Rest is not idleness, and to lie sometimes on the grass under trees on a summer’s day, listening to the murmur of the water, or watching the clouds float across the sky, is by no means a waste of time. ~ John Lubbock
Having just finished a series about economic indicators, it seems like a good time to move on to some lighter fare. With summer now in full swing, I thought some posts about travel and finding downtime would be timely.
Before I had a child and despite my demanding career, it wasn’t too difficult to find time for non-work related activities. Whether it was an evening out with my wife, reading a book, or going on a ride, I always had chunks of free time available before/after work and over weekends. After my son was born though, as I’m sure those of you with kids will appreciate, those chunks of free time quickly disappeared.
With less time to recharge and reflect, I’ve found it to be incredibly important to use travel time to contemplate the way I’m living my life and how it may be at odds with where I ultimately want to go. The reason I find travel to be an excellent opportunity for this type of reflection is because that is when I’m apt to embrace what Keats referred to as “negative capability”:
When a man is capable of being in uncertainties, mysteries, doubts, without any irritable reaching after fact and reason. (The British Library)
As eluded by Stephen Hebron in the cited article, what Keats means by this is we can improve our potential by allowing ourselves to be less determined to work everything out. That is because as we experience the world as an uncertain place, we’re more inclined to be open to perspectives and outcomes, we wouldn’t normally consider as a matter of course.
Want to make sure to benefit from the creative space offered by travel?
Consider priming the pumps by taking note of a few things as you start your trip (e.g., on the flight out of town). I recommend writing them out on a piece of paper but if that seems like too much work, talk things over with your honey or simply take mental notes.
Note what you’re working towards.
There is nothing like taking a break from the day to day to remind you of what the dream is. Perhaps it’s owning your own home? Being free from debt? Getting healthy? Helping others? Spending time with your family? Owning a Hawaiian shave ice shop next to the beach? Whatever it is, taking a little time to visualize where you’re heading (or what’s missing in your life) can be a great way to have it in the back of your head while you’re on travel.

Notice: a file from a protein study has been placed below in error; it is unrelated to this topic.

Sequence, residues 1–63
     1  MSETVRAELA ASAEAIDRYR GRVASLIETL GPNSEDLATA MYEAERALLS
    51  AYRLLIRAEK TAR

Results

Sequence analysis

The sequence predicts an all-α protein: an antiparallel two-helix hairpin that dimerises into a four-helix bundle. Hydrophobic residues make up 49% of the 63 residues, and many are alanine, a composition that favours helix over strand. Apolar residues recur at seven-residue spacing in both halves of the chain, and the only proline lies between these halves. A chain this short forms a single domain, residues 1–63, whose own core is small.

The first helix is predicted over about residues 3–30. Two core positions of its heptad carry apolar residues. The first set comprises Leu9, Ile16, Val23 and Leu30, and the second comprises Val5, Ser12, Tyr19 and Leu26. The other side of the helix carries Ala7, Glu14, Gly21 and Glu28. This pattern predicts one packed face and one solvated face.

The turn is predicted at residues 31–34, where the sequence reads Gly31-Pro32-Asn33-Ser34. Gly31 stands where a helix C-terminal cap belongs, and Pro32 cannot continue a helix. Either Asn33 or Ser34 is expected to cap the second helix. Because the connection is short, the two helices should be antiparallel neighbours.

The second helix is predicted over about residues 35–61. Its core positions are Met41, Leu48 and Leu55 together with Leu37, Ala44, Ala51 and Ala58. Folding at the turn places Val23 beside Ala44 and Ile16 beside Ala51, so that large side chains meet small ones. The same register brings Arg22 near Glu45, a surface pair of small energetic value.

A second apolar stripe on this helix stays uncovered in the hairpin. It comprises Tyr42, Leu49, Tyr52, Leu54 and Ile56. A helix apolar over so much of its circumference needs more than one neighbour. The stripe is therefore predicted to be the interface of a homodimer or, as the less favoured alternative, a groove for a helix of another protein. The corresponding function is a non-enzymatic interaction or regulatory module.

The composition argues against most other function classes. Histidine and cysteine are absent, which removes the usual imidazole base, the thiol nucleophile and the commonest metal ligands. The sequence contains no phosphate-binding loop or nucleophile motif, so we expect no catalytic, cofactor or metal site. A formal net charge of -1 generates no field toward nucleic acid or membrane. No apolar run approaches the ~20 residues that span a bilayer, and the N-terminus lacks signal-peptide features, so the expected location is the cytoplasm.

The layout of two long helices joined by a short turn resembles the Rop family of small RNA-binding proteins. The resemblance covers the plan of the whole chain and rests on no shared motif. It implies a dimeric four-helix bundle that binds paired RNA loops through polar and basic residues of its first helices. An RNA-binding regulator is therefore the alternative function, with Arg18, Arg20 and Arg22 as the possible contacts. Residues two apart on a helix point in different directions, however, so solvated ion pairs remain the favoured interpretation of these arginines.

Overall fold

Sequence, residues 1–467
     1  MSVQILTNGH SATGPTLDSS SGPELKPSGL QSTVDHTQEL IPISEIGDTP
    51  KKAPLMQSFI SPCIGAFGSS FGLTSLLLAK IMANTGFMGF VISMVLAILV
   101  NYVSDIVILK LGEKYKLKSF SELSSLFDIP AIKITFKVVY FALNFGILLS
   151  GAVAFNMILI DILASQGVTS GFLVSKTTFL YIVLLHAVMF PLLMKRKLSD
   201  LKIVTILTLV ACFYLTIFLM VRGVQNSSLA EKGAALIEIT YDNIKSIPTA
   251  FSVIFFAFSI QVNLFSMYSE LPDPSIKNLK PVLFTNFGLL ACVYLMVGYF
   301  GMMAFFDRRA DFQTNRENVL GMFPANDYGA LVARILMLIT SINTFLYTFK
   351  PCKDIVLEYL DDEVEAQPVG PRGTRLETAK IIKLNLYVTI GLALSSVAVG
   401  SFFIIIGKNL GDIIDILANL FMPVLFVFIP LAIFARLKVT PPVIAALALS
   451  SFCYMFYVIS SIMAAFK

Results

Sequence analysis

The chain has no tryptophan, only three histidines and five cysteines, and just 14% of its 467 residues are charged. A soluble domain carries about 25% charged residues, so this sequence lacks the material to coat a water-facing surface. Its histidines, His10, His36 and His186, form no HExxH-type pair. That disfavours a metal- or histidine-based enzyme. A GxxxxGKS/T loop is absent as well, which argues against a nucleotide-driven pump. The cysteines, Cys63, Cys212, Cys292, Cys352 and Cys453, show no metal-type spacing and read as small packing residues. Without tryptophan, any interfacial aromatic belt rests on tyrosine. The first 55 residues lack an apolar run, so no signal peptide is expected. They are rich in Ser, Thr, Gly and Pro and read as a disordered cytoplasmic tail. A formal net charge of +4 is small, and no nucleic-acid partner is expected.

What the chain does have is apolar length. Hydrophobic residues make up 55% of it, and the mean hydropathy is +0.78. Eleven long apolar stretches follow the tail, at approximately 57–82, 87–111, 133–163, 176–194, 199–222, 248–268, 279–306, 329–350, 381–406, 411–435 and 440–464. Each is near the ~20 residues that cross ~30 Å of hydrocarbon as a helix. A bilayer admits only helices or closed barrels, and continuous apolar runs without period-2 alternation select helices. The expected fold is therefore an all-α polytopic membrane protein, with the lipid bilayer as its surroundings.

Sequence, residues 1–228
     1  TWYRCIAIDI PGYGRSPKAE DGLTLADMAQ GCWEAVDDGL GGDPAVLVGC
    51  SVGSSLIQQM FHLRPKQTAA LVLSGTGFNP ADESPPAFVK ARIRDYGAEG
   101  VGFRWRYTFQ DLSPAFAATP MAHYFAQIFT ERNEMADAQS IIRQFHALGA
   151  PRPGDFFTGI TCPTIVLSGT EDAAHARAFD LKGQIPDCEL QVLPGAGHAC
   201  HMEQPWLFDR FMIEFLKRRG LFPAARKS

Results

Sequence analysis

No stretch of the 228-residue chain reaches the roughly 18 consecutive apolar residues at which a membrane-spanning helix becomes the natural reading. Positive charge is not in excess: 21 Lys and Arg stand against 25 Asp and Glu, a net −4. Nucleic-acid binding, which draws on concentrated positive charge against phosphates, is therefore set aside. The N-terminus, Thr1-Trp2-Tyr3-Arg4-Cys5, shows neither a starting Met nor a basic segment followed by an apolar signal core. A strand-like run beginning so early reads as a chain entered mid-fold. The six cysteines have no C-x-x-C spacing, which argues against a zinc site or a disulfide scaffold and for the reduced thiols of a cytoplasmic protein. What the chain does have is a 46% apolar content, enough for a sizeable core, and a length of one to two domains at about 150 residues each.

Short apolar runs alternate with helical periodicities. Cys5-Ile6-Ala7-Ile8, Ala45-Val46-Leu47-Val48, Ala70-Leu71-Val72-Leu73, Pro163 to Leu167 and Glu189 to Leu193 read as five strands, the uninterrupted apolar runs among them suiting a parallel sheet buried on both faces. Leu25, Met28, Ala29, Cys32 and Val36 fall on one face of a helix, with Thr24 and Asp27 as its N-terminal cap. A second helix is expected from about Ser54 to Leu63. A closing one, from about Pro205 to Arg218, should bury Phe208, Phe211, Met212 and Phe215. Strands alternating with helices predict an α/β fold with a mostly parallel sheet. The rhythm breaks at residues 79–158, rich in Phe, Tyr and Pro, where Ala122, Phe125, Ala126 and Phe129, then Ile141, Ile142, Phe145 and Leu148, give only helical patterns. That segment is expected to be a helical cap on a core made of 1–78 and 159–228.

Note what will cause you to fail.
As discussed in a previous post, in her book The Snowball: Warren Buffett and the Business of Life, author Alice Schroeder recounts a story of how at the close of Charlie Munger’s eightieth birthday celebration, Munger gave a speech with the following advice:
Instead of looking for success, make a list of how to fail instead—through sloth, envy, resentment, self-pity, entitlement, all the mental habits of self-defeat. Avoid these qualities and you will succeed.
In other words, instead of asking yourself how you are going to realize your dream, consider the bad habits you have that will cause you to fail.
Note what time you’ll meet.
As I’ve learned, figuring out what habits will cause failure is the easy part; the hard part is figuring out how to avoid them. So that you’ll actually take the time to sort the hard part out, commit to a time during your trip when you’re going to work through the problem. Ideally, this would include your significant other and would not be saved for the flight back home when you’ll already be thinking about the work week ahead. Morning walks on the beach, lazy afternoon lunches, and time by the pool can all be perfect opportunities to figure things out.
No trips on the horizon due to a lack of funds or time? Consider blocking off a Saturday to make a day of it in your own backyard. Or if you live someplace where there is an “offseason,” take advantage of the lower rates and create a staycation. Indeed, one of the great things about living in Tucson is that because it’s so hot in the summer many of the local resorts are significantly discounted during the summer.
Before I check out for the week, a new song for our ever expanding and eclectic playlist. With the 4th of July holiday behind us, I was reminded of the song “Fireworks” by First Aid Kit off of their absolutely excellent album Ruins.
Video not displaying properly? Click here.
Having said that, I am interested to hear from you. Good, bad, or otherwise, please feel free to drop me a line at firstname.lastname@example.org. I’m the only person who will read your email and, as time allows, I’ll do my best, at a minimum, to personally acknowledge receipt.